Top 10 Quebec Favourites

Chris’ personal picks from places in the world that he has visited.


Quintessential Québec – Here are some of my aha! Moments from my travels in Canada’s largest Province…

Québec Old City: I have to start here, where European history in Canada really began. That sense of history permeates the streets of Old Québec, still vibrant after 400 years. UNESCO World Heritage Site and the only walled city in North America, Québec is simply wonderful.

Montreal: If Québec Old City was the birthplace of modern Quebec, Montreal is modern Quebec! I visit the city frequently and every trip I fall a little more under its spell. From the views over the city on Mont Royal, to the monuments, to the lively markets to the joie de vivre of Montrealers – it’s all terrific.

Eastern Townships: This land doesn’t merely flow with milk and honey: it also gushes with wine, cider, cheese, chocolate, roses and more! Happy days spent sampling all kinds of tasty, visual and scented treats: the local wines and ice cider; rose jellies, jams, perfumes and soaps; chocolates and creamy cheeses; and fields of sweet-smelling lavender.

Mont Tremblant: The highest peak in the Laurentians receives over 12 feet of snow each year and is where my boys learned to ski and board. Its 95 trails and 3 snow parks offer spectacular views and thrilling runs. The pedestrian-only village at the base of the mountain is cosy and colourful..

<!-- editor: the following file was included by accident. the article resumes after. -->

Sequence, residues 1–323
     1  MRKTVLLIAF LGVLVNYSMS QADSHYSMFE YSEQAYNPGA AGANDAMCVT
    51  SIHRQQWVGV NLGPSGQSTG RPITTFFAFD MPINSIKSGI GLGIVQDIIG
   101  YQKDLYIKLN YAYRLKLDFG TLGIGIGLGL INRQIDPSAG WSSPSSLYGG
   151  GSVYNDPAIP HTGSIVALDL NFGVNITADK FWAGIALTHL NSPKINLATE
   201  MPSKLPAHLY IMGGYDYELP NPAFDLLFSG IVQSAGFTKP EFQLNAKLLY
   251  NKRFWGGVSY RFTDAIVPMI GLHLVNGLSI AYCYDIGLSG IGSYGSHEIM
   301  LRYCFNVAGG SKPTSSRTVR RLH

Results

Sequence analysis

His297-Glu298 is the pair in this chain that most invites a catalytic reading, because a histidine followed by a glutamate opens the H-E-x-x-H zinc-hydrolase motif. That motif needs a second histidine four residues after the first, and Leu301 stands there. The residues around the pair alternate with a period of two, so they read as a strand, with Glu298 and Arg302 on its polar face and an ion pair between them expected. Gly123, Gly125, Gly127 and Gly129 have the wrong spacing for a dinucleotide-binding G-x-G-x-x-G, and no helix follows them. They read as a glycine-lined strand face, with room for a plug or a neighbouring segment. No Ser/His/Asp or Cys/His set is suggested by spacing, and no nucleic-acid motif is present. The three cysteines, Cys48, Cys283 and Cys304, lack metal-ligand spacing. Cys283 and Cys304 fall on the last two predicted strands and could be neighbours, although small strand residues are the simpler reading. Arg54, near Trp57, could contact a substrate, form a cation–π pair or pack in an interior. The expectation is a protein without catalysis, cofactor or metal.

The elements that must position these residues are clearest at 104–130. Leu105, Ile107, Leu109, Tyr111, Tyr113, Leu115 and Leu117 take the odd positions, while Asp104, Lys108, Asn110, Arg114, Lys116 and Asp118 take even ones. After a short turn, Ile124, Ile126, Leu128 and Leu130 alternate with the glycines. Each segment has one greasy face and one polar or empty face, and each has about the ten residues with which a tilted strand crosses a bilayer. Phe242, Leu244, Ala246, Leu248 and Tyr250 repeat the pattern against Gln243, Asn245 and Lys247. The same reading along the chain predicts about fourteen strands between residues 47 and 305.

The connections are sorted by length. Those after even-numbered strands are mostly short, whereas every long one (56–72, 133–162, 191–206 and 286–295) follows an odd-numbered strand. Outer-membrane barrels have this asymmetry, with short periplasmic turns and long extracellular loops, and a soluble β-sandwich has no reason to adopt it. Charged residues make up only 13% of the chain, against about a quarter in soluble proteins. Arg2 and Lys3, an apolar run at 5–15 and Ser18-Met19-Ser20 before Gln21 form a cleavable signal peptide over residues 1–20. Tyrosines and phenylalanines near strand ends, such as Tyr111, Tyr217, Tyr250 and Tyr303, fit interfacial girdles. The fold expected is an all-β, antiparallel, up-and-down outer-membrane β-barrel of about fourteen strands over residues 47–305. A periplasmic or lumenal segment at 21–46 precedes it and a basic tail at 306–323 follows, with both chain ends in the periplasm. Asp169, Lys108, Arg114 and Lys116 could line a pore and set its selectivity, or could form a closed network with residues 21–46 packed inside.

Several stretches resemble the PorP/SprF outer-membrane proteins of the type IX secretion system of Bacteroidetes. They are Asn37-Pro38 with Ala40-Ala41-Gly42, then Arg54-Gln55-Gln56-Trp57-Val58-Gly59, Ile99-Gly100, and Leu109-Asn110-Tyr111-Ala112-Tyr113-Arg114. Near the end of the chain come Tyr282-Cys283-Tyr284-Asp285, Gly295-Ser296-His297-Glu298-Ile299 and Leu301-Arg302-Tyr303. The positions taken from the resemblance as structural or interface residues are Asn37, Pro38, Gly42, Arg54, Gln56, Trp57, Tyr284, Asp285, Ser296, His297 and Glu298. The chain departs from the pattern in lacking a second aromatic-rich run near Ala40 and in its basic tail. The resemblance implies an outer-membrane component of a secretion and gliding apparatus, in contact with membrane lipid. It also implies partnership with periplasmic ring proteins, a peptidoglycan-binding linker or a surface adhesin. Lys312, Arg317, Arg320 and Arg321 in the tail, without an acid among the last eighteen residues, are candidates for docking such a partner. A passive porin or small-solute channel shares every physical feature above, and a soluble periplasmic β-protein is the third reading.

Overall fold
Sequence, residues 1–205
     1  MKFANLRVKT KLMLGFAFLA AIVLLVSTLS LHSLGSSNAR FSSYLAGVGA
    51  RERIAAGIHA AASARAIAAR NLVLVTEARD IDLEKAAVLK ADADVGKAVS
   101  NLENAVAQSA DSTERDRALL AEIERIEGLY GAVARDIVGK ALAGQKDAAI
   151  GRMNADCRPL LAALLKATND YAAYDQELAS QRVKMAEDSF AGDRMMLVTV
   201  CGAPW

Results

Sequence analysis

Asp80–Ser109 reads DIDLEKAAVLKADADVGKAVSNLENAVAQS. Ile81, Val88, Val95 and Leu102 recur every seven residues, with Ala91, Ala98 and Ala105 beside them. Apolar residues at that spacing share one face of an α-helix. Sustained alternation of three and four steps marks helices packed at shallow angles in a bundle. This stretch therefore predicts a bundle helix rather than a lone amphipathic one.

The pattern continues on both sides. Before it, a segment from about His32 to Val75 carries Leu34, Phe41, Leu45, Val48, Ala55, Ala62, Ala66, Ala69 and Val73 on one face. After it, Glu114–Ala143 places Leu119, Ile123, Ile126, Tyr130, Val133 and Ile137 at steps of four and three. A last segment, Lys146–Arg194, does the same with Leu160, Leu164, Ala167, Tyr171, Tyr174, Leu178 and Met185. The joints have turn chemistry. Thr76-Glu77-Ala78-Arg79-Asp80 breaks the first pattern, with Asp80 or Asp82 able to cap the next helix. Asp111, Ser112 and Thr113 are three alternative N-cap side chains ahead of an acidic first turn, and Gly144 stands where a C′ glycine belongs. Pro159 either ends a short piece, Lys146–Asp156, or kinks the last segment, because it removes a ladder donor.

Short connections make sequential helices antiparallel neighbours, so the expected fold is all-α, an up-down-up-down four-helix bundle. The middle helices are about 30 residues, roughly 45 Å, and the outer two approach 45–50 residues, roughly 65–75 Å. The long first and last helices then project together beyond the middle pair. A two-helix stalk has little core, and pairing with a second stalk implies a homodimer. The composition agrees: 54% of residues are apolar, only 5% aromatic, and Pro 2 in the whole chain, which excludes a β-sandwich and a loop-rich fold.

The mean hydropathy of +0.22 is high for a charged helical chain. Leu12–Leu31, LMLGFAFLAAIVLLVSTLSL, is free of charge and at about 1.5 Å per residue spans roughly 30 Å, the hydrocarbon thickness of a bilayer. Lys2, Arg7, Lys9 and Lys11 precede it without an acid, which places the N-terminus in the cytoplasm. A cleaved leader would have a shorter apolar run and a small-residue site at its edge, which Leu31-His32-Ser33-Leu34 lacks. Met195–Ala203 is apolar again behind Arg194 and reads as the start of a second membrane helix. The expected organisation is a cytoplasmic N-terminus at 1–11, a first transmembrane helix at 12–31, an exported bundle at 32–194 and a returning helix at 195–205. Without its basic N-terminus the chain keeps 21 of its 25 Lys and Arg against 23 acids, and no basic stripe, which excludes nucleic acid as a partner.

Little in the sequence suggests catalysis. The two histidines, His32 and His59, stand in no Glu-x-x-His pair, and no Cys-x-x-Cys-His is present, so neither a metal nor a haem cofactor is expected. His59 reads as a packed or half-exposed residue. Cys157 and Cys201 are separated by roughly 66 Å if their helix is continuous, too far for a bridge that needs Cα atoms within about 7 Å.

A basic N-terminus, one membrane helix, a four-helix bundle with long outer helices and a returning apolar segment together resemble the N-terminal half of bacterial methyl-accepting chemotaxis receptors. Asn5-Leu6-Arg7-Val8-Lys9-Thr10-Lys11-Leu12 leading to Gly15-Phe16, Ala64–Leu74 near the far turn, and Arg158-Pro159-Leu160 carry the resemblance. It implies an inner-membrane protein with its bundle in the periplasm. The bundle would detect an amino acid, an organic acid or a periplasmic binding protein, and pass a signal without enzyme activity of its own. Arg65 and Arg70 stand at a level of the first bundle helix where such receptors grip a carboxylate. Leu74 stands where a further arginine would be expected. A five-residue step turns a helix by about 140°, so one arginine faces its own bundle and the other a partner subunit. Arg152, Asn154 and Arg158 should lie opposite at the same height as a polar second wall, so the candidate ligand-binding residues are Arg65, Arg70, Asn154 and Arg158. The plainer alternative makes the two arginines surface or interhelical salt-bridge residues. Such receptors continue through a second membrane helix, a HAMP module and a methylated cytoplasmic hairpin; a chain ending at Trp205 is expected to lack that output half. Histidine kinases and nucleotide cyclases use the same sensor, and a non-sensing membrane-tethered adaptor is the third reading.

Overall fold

La Grosse Ile: In the middle of the St. Lawrence River, Grosse Ile was a quarantine station for the Port of Québec from 1832 to 1937, the main point of entry for immigrants coming to Canada. To visit is to relive the troubling experience of immigrants who set sail in hopes of a better future, and of those who cared for them upon arrival. A moving experience.

Saguenay Fjord: The sheer immensity of Quebec’s largest fjord is amazing as it cuts its way north from the St. Lawrence to the Canadian Shield. Whales abound in the frigid waters, waterfalls cascade from lofty cliffs whose tops are lost in cloud and there is a sense of magical mystery about this natural wonder.

Charlevoix: This region on the north shore of the St. Lawrence is a magnificent mix of mountains and sea. Fashioned by a 350 million year old meteorite impact, the countryside is rich with produce and the landscape skips from breath-taking to bucolic. La Malbaie hosts one on my favourite Canadian hotels: Fairmont Le Manoir Richelieu.

La Mauricie National Park: This gem of a National Park is midway between Quebec's two largest cities and 50 km. north of the St. Lawrence River. It’s over 500 square kilometres of the most pristine Quebec Laurentians - a vast rolling plateau broken by numerous lakes and rounded hills and etched by waterfalls, streams and narrow valleys.

Ile de l’Orleans: Just five kilometres down-river from Quebec City, this verdantly green island is cradled by the St.Lawrence between the Canadian Shield and the Appalachian Mountains. The rich farmland is patterned after the island's seigneurial past. It’s a haven of rural tranquility so close to the provincial capital.

Nunavik: The largest region of our largest Province, this great sweeping land comprises the northern third of the Province. My visits to the small communities of Kuujjuaq, Kangiqsualujjuaq and the delightfully named Quaqtaq were like stepping into a very different and exquisitely beautiful destination on the very edge of the world.

 
   





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